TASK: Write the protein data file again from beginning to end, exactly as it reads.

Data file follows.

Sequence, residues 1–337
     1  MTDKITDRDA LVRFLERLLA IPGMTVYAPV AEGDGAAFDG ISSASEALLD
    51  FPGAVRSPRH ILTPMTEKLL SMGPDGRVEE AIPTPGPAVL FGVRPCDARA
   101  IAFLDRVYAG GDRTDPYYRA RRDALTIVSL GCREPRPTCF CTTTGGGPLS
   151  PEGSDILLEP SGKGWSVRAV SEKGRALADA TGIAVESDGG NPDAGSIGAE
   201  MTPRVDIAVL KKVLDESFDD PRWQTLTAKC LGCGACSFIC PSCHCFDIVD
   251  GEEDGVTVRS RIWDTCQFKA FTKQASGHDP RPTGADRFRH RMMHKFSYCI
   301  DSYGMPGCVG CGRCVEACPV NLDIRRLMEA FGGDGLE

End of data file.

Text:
Sequence, residues 1–337
     1  MTDKITDRDA LVRFLERLLA IPGMTVYAPV AEGDGAAFDG ISSASEALLD
    51  FPGAVRSPRH ILTPMTEKLL SMGPDGRVEE AIPTPGPAVL FGVRPCDARA
   101  IAFLDRVYAG GDRTDPYYRA RRDALTIVSL GCREPRPTCF CTTTGGGPLS
   151  PEGSDILLEP SGKGWSVRAV SEKGRALADA TGIAVESDGG NPDAGSIGAE
   201  MTPRVDIAVL KKVLDESFDD PRWQTLTAKC LGCGACSFIC PSCHCFDIVD
   251  GEEDGVTVRS RIWDTCQFKA FTKQASGHDP RPTGADRFRH RMMHKFSYCI
   301  DSYGMPGCVG CGRCVEACPV NLDIRRLMEA FGGDGLE